“One reason we acted now was September 11,” Hill added. “It reminded us of the importance of our international connections and commitments. Many of the major problems or issues facing our society are international ones. To have an international presence on campus seems very important.”

This decision comes just as the Admissions Office increased the amount of time and resources it dedicates to recruiting international students for this year’s crop of applicants. This year, the Admissions Office received a ten thousand dollar grant from the Davis Family Foundation to increase recruitment of international students. The Davis Foundation is affiliated with United World Colleges, a global consortium of private secondary schools that have international student bodies.

Using some of the Davis grant money, Mathew Swanson, an assistant director of Admissions, embarked on a three week mission to Asia. The whirlwind tour, in conjunction with Middlebury College, went through India, Myanmar, Singapore, Vietnam, Malaysia, Hong Kong, Korea and Japan. On his trip, Swanson visited United World Colleges and other international and private schools; he also conducted evening programs and met with alumni in various cities.

According to Nesbitt, “Part of [Swanson’s trip] was in anticipation of possibly becoming need-blind and part of it was because we felt it was a good use of the money we received [from the Davis grant].”

Karen Parkinson, also an assistant director of Admissions, will soon travel to Europe on a recruitment trip.

“There will be a natural increase in applications from abroad as word gets out [about need-blind international admissions],” said Nesbitt. Currently, the College normally receives around 300 applications from outside the US, Canada and the Caribbean. Normally, these students comprise about four percent of each incoming class.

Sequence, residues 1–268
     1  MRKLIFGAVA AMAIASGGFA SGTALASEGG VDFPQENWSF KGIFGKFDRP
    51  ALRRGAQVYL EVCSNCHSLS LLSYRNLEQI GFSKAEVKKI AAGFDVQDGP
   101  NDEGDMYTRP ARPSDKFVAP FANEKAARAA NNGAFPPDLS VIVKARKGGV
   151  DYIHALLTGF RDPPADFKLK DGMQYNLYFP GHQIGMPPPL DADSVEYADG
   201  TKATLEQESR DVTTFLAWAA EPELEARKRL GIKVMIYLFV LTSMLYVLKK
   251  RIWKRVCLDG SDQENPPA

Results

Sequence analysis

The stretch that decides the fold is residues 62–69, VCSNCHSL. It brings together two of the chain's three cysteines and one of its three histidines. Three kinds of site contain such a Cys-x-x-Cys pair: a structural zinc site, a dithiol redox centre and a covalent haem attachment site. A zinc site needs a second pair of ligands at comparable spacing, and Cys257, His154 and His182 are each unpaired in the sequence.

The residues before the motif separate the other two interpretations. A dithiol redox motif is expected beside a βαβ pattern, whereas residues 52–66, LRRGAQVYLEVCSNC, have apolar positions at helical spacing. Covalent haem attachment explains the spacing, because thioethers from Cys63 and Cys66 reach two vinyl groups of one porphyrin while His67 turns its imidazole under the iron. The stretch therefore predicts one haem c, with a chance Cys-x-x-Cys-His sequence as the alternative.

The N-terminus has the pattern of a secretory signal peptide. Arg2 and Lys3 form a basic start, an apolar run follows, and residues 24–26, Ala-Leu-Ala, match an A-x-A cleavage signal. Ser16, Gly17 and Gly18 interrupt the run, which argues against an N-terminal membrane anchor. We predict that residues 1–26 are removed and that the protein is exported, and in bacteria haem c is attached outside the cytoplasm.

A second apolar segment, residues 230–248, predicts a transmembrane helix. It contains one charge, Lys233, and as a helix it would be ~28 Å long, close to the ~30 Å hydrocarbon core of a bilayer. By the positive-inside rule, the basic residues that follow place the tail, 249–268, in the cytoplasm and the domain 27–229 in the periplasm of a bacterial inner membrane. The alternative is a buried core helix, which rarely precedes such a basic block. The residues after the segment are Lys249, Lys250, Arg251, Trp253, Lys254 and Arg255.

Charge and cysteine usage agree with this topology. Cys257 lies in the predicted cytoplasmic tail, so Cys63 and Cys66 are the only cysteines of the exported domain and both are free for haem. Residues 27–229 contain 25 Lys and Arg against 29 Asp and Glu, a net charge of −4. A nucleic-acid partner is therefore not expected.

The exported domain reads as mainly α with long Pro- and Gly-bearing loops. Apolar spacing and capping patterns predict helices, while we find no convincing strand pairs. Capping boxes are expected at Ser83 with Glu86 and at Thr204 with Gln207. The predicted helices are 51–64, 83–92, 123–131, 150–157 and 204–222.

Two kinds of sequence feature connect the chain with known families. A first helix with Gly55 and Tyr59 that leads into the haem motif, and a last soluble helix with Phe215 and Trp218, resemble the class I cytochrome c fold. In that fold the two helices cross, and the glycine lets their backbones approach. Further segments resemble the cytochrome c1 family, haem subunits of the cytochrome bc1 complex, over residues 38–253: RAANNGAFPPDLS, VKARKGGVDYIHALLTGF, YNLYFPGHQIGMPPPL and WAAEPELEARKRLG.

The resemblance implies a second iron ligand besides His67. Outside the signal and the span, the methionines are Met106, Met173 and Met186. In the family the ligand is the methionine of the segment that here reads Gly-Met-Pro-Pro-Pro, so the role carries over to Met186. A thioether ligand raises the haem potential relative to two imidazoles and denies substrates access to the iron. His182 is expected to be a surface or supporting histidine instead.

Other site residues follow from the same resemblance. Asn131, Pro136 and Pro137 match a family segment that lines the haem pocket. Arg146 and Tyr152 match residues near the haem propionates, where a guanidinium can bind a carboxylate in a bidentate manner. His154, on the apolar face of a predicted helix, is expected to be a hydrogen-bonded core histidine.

“We probably will not be looking to dramatically increase the number of international students this year,” said Nesbitt. “That is something that needs to be determined by the Trustees and AGAFA, who would make any decision that significantly increases slots allotted for international students. For the upcoming year, the number of international students will probably be around six percent.”

Right now, the next task for the College will focus on publicity as the Admissions Office will attempt to get the word out. This week, the College sent out a letter announcing the new policy to guidance counselors and international students currently in the prospective applicant database around the world.

“Word travels quite quickly among international circles of kids looking at attending college in the US,” said Nesbitt. “People will find out.”

“Up until now, we have had a fairly rich pool of international applicants with out having to do on-site recruiting,” Nesbitt continued. “A lot of that has to do with our reputation and the availability of information on the internet.” For a variety of reasons, the Admissions Office has typically screened international applicants, sending applications only to those that were within a predetermined academic range, because financial aid resources for international students were limited.

“Most of our international applicants were applying for financial aid. And since we had limited financial aid for them, we were forced to turn many of them down,” noted Nesbitt. “That just doesn’t make sense.”